Engaging in solidarity actions with people on the move on the Balkan route when you see and understand the world around you through a feminist lens enables you to recognize oppression and the mechanisms of violence. It enables you to see how EU migration policies toward people passing through the Balkans are becoming increasingly dehumanizing, racist and violent: from initial acts of compassion and charity, through the experience of strictly controlled EU migration policies and the militarization of borders, and the new approaches to “migration management” with the co-option of international multilateral institutions, such as the International Organization for Migration (IOM).
We have all continued with our unsolicited charity, but feminist principles demand from us far more than just being passive witnesses of violence. More than five years since the increase in the number of people passing through the Balkans was publicly registered, and with the movement of people ongoing, it is high time to consider what solidarity with people on the move means and entails in order to resist ever-increasing violence, racism and fascism against people on the move.
Fortress Europe has been the term used for at least the last three decades in reference to EU migration policies that have promoted the criminalization of irregular migrations, the militarization of EU borders and the paying of non-EU countries to prevent migrants reaching EU borders. These policies have resulted in tens of thousands of deaths, while the Mediterranean has become the world’s deadliest border zone.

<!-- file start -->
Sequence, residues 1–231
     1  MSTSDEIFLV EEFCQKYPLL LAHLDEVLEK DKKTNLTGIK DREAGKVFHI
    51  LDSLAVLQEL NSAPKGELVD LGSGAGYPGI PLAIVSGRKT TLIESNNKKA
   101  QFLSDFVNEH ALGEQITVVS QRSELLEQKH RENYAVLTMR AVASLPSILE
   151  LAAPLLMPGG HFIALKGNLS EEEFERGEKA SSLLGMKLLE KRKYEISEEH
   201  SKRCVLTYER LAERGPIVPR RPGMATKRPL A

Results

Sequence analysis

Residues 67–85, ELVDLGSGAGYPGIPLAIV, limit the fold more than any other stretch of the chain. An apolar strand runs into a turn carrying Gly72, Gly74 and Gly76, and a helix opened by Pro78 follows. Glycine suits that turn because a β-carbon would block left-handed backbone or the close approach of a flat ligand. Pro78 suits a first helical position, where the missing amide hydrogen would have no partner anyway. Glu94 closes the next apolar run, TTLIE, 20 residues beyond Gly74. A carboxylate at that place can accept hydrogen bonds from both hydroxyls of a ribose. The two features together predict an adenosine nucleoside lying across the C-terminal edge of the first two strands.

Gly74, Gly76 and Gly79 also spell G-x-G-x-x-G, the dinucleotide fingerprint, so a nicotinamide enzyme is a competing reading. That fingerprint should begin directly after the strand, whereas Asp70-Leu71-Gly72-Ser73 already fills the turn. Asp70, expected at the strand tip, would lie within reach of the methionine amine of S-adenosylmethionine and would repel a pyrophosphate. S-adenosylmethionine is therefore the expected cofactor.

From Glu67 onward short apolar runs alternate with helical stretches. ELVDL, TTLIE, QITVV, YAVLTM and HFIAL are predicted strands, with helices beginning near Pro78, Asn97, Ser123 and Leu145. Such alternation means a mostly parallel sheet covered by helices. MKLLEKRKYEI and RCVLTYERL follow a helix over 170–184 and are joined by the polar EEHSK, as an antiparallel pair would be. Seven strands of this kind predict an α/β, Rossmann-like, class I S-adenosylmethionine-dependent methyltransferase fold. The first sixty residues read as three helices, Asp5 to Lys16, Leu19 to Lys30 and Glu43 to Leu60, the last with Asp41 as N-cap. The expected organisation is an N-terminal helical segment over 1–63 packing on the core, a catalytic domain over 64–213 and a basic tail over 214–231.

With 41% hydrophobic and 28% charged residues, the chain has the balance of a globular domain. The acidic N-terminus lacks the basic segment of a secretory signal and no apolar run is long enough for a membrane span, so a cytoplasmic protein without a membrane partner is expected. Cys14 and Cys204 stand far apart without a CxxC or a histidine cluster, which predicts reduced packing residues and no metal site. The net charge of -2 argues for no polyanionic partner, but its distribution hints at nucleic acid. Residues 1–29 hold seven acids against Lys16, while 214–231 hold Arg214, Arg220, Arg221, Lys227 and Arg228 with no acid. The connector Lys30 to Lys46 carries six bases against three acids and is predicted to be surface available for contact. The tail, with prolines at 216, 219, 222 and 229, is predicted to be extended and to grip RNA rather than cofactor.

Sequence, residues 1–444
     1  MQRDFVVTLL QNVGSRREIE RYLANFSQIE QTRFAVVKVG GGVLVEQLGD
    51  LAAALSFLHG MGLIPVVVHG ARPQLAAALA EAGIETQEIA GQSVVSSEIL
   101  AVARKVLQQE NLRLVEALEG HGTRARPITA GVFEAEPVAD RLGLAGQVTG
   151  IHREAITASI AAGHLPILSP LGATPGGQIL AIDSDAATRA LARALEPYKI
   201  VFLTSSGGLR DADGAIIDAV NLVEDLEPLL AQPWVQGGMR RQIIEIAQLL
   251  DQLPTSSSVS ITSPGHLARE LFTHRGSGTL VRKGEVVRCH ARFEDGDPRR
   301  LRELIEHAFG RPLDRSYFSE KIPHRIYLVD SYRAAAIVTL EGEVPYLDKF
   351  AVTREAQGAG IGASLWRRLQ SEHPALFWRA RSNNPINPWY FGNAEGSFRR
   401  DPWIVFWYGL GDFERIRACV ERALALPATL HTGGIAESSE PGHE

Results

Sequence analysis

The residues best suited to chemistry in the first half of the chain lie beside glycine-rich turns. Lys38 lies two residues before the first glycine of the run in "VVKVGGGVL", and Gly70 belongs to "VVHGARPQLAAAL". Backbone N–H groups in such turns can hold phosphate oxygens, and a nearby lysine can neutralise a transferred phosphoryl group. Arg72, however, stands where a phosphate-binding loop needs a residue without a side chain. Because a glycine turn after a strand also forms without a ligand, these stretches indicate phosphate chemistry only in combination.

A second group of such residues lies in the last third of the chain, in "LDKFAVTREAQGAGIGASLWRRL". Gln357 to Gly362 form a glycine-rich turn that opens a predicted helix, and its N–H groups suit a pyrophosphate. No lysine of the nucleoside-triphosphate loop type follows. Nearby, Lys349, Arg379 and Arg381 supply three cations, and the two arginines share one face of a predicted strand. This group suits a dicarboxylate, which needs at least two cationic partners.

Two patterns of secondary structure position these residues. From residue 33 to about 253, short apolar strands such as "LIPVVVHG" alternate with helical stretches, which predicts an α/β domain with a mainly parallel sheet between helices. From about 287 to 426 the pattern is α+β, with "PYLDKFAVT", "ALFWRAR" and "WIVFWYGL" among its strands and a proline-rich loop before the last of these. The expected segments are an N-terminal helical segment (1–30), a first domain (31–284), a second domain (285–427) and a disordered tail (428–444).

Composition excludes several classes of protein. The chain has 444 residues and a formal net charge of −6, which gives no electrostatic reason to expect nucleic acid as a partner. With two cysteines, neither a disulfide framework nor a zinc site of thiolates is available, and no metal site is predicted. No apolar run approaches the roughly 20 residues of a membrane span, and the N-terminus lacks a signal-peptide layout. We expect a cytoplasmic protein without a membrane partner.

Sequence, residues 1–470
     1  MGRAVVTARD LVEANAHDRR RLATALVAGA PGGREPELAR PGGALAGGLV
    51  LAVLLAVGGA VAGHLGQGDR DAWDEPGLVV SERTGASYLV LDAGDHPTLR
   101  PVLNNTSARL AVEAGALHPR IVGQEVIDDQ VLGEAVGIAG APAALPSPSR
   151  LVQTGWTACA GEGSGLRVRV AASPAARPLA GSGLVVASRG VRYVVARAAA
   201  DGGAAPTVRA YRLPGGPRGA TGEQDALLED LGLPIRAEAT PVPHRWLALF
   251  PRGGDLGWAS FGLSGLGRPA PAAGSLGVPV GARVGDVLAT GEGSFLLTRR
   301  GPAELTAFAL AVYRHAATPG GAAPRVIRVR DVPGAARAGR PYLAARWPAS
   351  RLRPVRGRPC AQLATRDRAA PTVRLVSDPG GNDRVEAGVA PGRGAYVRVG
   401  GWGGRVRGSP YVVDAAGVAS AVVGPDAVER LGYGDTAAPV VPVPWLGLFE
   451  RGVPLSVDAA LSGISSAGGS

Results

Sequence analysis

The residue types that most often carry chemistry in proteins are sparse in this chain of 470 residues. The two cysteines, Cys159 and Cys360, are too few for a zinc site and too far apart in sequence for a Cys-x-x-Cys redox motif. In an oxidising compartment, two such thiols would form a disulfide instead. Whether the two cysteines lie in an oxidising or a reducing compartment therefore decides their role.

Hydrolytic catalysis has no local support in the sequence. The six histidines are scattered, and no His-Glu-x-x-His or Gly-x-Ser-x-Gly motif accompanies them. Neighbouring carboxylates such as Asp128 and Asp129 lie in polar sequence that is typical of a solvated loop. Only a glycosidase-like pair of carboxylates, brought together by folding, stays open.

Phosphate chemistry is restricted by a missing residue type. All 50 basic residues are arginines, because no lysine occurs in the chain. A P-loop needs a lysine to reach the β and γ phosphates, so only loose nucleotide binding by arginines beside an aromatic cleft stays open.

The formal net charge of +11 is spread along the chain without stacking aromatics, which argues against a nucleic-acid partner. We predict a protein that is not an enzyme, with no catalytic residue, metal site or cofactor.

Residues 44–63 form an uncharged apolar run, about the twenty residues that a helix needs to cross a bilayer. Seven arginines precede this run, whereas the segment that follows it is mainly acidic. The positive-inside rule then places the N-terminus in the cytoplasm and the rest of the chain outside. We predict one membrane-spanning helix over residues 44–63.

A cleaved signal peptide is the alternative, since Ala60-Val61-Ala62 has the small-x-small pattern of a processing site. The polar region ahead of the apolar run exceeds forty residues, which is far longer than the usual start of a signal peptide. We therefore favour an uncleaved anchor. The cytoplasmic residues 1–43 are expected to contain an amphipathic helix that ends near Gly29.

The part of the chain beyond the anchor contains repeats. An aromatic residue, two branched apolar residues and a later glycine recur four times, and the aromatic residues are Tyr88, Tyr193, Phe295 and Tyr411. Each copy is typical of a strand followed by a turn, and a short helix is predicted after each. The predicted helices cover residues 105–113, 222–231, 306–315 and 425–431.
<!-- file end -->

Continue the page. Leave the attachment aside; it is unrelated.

Over the last 20 years, many people who arrived in Greece irregularly, either by land or by sea, stayed in Greece. However, staying in Greece was not an option for many — for numerous reasons, including the fact that Greece itself was affected by such economic turmoil that many Greeks left the country to find a better life.
In order to reach the rest of the EU, many migrants took a land route through the Balkan countries connecting Greece with other parts of the EU.
People on the move through the Balkan route
The Balkans have always been a trade and transit route for people and goods due to a geographical position bridging West and East. It was therefore logical that the region also became the transit route for people forced into irregular migration as they sought safety from war, persecution, poverty, the consequences of climate change or something else.
The Balkan route is not an easy choice for people to undertake. In addition to its difficult terrain and harsh climate, the Balkans have the complications and challenges of lots of borders.
Many countries in the region have not been, and are still not, part of either the EU or the Schengen border regime. In fact, many of the people from the Balkans themselves have had their own share of migration experiences and struggles with Fortress Europe, while escaping either the wars of the 1990s or economic and political hardship after the wars. EU border management policies have further affected and shaped Balkan countries’ border and asylum policies.